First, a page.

Why is General Electric so supportive of the Obama administration? Well they didn’t pay taxes in 2009. GE which includes NBC had an affective tax rate of 5.5% in 2008 and 2007 15% while the Corporate rate is supposed to be 35%. How did they get away with free loading on America’s dime? The have a great ability to lose money or buy companies that offset gains. Does anyone wonder why MSNBC is so complimentary of the President?
Here is what ABC had to say:
How did this happen? It’s complicated. GE’s tax return is the largest the IRS deals with each year–some 24,000 pages if printed out. Its annual report filed with the Securities and Exchange Commission weighs in at more than 700 pages.
Inside you’ll find that GE in effect consists of two divisions: General Electric Capital and everything else. The everything else–maker of engines, power plants, TV shows and the like–would have paid a 22% tax rate if it was a standalone company.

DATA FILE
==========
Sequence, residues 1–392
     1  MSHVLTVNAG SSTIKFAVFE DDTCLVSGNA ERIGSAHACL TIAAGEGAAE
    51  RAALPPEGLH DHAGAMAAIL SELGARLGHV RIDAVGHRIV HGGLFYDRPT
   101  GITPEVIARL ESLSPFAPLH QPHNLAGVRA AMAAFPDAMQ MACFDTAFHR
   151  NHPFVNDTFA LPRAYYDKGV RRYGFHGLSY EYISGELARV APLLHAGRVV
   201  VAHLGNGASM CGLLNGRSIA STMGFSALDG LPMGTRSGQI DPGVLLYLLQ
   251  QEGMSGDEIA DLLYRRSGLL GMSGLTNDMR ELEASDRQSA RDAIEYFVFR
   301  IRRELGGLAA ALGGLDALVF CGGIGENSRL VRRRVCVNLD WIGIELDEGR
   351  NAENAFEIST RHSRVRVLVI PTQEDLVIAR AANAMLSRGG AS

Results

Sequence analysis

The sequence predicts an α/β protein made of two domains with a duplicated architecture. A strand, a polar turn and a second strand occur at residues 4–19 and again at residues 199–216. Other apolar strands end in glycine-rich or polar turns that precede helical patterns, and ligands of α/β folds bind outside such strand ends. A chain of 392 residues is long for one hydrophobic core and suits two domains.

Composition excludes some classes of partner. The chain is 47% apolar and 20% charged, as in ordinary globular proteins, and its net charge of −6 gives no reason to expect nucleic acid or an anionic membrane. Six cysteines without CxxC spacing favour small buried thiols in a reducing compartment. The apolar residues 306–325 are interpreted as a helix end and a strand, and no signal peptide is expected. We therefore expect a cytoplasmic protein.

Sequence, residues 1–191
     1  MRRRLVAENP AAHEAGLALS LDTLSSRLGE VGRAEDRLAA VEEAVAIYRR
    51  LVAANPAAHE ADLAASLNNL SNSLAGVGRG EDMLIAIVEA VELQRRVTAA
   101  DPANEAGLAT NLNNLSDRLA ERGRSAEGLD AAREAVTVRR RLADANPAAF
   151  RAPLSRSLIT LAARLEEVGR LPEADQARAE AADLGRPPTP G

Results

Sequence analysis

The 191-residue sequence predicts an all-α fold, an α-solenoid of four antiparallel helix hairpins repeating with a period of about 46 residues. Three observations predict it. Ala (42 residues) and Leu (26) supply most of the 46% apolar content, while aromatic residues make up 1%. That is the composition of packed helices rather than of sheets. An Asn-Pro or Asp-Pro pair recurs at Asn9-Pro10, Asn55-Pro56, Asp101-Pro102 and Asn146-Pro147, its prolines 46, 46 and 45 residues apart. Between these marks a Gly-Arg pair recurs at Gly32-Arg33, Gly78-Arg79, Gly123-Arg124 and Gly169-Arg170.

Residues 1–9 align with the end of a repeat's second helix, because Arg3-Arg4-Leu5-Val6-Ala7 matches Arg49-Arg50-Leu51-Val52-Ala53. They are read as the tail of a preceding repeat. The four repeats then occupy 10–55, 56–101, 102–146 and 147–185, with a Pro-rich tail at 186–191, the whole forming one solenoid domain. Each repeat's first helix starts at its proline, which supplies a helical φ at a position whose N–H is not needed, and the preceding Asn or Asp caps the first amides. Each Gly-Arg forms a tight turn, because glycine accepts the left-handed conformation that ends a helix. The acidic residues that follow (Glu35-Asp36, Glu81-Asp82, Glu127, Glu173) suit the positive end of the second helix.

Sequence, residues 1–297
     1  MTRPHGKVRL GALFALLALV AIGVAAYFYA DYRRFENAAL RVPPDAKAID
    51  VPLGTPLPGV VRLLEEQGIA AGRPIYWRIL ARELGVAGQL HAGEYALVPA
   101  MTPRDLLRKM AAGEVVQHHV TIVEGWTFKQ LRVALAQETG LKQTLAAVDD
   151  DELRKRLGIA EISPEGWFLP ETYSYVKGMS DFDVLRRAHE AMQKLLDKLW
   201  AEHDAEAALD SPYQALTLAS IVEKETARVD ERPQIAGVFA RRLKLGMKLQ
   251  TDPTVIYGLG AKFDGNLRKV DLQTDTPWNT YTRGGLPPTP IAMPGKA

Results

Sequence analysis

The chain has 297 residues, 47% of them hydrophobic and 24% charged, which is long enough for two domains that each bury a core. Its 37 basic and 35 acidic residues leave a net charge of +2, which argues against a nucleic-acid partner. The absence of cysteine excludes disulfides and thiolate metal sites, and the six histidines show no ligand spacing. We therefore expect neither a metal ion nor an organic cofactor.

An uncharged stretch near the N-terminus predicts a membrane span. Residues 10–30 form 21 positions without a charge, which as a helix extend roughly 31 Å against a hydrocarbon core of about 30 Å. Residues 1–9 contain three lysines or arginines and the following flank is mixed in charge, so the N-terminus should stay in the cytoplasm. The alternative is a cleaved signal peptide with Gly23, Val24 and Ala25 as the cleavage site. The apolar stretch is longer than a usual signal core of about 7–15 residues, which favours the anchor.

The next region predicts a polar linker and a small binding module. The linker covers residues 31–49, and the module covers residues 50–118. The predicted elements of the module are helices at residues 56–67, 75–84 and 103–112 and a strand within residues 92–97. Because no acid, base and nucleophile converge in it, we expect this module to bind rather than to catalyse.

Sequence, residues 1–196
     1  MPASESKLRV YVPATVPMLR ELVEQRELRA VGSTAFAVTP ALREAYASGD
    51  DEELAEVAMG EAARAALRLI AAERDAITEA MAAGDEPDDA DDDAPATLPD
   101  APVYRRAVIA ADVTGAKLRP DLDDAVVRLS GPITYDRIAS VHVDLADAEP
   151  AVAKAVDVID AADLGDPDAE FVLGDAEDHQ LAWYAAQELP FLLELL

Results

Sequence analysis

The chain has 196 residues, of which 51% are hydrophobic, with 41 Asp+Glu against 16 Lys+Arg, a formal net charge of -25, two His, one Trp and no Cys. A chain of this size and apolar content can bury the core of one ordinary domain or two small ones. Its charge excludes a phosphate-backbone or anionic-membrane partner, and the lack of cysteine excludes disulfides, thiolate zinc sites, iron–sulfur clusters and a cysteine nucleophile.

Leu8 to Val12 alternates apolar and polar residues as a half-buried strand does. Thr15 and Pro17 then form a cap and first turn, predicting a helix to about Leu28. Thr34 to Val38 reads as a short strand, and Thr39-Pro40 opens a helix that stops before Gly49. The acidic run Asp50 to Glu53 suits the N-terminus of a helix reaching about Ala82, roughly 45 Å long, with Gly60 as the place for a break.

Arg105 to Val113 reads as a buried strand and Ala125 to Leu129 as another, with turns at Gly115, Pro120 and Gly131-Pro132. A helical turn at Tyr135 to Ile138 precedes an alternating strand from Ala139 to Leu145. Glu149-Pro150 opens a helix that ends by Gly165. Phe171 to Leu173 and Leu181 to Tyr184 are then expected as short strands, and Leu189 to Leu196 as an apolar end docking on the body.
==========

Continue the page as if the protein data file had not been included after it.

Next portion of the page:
It’s GE Capital that keeps the overall tax bill so low. Over the last two years, GE Capital has displayed an uncanny ability to lose lots of money in the U.S. (posting a $6.5 billion loss in 2009), and make lots of money overseas (a $4.3 billion gain). Not only do the U.S. losses balance out the overseas gains, but GE can defer taxes on that overseas income indefinitely. The timing of big deductions for depreciation in GE Capital’s equipment leasing business also provides a tax benefit, as will loan losses left over from the credit crunch.
But it’s the tax benefit of overseas operations that is the biggest reason why multinationals end up with lower tax rates than the rest of us. It only makes sense that multinationals “put costs in high-tax countries and profits in low-tax countries,” says Scott Hodge, president of the Tax Foundation. Those low-tax countries are almost anywhere but the U.S. “When you add in state taxes, the U.S. has the highest tax burden among industrialized countries,” says Hodge. In contrast, China’s rate is just 25%; Ireland’s is 12.5%.